As discussed in a previous article, finding Books to Love & Hate can be as easy as switching authors, from Jim Butcher to Jeff Carlson, or skimming through anthologies. More than just leisure reading, however, books can also be great for developing skills — including software development.

In the fast-paced world of software development, staying abreast of the latest trends, tools, and methodologies is crucial. Thus, as traditional learning methods evolve, audiobooks and podcasts have emerged as valuable resources for developers seeking to enhance their skills. However, the sheer volume of options can be overwhelming.


Thankfully, reading platforms today have evolved to help users navigate through the sea of content. Using a combination of editorial expertise and machine learning, audiobook subscription service Everand curates recommendations so that users only find the content that they’ll love. So, you can easily go from listening to podcasts like The Changelog hosted by Adam Stacoviak and Jerod Santo or learning from Ask Your Developer by Jeff Lawson to finding your new favorites.

Are you curious as to what new favorites should make your list? Below, we delve into four audiobooks and podcasts that stand out for their ability to hone software development skills.

The Pragmatic Programmer by Andrew Hunt and David Thomas

Originally published in 1999, this book has become a classic, celebrated for its pragmatic and timeless advice. The book’s structure, presented as a series of tips and anecdotes, ensures accessibility for developers at various levels of expertise.

Hunt and Thomas emphasize the importance of practical solutions and adopting a mindset of continuous learning. One of the strengths of The Pragmatic Programmer is its ability to transcend specific programming languages and technologies. Instead, it focuses on fundamental principles and practices that remain relevant across different contexts, like the SOLID principles of object-oriented design or maintaining a debugging notebook. As a software developer, listening to this audiobook provides not only actionable insights but also a holistic perspective on the art and craft of programming.

Atomic Habits by James Clear

While not explicitly a software development book, Atomic Habits by James Clear provides insights that can significantly impact a developer’s journey. The book explores the compound effect of small changes, emphasizing the power of consistent habits. Clear’s concept of “1% better every day” is particularly relevant to software development, where continuous improvement is key.

For instance, one of Clear’s four laws is to “Make it attractive” or start temptation bungling if you want to make a change in your life. So, if you want to start learning a new programming language but lack motivation, then you can join a club where that language is a mutual interest. This shows us that Clear’s principles of habit formation can be applied to mastering coding languages, adopting best practices, and improving problem-solving skills.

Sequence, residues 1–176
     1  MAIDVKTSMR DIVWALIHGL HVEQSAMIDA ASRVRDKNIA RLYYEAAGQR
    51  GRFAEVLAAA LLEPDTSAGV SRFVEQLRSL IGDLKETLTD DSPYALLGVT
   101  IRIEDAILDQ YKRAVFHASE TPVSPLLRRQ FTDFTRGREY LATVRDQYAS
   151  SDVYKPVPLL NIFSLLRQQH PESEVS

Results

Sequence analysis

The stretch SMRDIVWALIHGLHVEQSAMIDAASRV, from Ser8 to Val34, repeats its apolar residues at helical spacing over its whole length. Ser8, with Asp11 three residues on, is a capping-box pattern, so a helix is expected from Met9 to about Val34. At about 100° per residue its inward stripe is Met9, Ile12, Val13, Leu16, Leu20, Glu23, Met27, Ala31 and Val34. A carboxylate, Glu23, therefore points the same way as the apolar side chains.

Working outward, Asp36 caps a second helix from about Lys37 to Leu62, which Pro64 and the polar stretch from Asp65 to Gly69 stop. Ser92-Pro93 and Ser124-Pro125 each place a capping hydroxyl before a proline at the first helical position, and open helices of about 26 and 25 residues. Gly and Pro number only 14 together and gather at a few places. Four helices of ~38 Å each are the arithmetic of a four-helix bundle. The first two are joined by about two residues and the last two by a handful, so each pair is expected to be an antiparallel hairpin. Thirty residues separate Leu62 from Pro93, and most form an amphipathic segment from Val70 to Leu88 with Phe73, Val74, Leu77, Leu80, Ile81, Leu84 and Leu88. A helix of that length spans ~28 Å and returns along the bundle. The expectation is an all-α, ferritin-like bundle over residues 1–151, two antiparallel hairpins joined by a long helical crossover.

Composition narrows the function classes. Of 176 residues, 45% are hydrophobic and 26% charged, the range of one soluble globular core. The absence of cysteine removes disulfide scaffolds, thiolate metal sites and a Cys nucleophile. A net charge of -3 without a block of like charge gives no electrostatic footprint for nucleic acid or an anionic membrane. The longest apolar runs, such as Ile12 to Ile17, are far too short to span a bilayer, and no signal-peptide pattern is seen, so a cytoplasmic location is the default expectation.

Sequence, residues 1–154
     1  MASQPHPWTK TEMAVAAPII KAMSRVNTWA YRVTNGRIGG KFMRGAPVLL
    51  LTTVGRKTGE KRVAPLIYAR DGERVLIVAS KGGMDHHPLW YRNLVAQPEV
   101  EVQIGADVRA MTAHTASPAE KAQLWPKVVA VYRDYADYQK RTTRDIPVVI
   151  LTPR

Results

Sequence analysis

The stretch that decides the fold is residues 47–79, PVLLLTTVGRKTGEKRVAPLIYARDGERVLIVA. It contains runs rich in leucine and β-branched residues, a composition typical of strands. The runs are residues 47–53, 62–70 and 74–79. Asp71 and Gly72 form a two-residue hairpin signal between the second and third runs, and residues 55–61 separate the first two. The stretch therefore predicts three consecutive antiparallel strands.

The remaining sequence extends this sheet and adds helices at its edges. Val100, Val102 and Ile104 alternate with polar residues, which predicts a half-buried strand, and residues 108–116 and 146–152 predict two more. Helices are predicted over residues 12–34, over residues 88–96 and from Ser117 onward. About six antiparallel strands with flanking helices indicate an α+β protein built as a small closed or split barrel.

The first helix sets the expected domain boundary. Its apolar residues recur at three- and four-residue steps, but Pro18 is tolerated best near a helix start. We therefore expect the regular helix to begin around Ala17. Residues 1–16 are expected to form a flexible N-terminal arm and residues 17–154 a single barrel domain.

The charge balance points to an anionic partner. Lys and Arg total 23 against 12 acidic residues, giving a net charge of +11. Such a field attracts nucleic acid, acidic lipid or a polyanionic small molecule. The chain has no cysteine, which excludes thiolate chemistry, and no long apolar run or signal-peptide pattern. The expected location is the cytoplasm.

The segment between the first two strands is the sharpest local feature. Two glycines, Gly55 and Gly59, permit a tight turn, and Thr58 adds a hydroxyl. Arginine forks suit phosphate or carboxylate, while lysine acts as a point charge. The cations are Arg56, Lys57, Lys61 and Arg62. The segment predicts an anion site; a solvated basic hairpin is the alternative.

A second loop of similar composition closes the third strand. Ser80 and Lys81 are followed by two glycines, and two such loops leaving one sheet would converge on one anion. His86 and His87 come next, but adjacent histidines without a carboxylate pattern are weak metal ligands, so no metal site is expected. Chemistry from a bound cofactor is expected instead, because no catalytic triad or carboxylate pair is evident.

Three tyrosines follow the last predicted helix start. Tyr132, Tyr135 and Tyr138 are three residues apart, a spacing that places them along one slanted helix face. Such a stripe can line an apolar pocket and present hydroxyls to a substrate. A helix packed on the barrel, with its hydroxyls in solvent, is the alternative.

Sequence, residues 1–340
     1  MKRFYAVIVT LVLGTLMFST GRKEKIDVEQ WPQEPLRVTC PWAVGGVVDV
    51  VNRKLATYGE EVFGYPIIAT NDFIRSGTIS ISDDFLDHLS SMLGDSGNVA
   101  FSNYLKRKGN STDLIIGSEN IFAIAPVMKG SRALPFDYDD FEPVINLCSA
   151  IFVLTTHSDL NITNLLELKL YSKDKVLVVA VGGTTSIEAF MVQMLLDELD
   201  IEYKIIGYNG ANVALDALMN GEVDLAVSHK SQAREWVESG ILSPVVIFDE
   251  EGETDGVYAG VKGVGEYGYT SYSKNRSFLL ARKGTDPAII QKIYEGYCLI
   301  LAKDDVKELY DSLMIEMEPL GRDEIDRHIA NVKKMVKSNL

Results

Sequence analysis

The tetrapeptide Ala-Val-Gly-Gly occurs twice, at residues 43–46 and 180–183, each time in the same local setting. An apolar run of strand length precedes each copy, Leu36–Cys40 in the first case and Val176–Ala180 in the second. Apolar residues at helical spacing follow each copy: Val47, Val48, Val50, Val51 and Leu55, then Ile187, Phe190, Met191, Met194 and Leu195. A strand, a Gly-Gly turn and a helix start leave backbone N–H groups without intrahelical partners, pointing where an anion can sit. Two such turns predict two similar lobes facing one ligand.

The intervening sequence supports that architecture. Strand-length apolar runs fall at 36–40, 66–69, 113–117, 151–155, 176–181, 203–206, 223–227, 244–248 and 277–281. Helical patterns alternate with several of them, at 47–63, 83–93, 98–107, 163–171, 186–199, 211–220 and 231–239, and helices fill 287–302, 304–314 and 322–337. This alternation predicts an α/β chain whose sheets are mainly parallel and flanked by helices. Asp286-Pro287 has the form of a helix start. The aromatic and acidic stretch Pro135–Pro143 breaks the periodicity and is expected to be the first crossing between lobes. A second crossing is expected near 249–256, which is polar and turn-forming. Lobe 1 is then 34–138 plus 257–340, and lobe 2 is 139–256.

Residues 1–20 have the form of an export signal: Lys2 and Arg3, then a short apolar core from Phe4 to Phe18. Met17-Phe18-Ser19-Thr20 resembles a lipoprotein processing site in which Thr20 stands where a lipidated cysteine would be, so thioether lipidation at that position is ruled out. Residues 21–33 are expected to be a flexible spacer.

Talk Python to Me

Talk Python to Me offers a deep dive into the versatility and applicability of Python, showcasing its role in various domains. Featuring interviews with notable figures in the Python community like Henry Schreiner or William Stein, the podcast covers a wide range of topics, from using cibuildwheel to manage the scikit-HEP packages to CoCalc, a fully collaborative notebook development environment.

While host Michael Kennedy aims to provide valuable insights, tips, and discussions that cater to both beginners and experienced Python developers, the podcast is not specifically a walkthrough. Instead, guests share their personal experiences, providing listeners with insights on how to leverage Python’s full potential.

The Changelog

The Changelog podcast, hosted by Adam Stacoviak and Jerod Santo, offers a unique perspective into the world of open source and software development. One week, you can listen to Zach Latta discuss how he joined obsolete messaging app Yo as their first engineer and founded Hack Club, then listen to Carnegie Mellon researcher Jean Yang talk about APIs and Akita Software the next.

Thus, for software developers keen on staying informed and inspired, The Changelog provides valuable insights and firsthand experiences from the forefront of the tech world. The diverse range of guests and topics ensures that listeners gain exposure to various perspectives and approaches, making it an enriching resource for those looking to expand their horizons.

Whether you’re looking to refine your coding skills or stay updated on industry trends, these resources offer a blend of education and motivation. For more on the world of software development, check out our other posts on CaseySoftware.

Write a Reply or Comment

Your email address will not be published.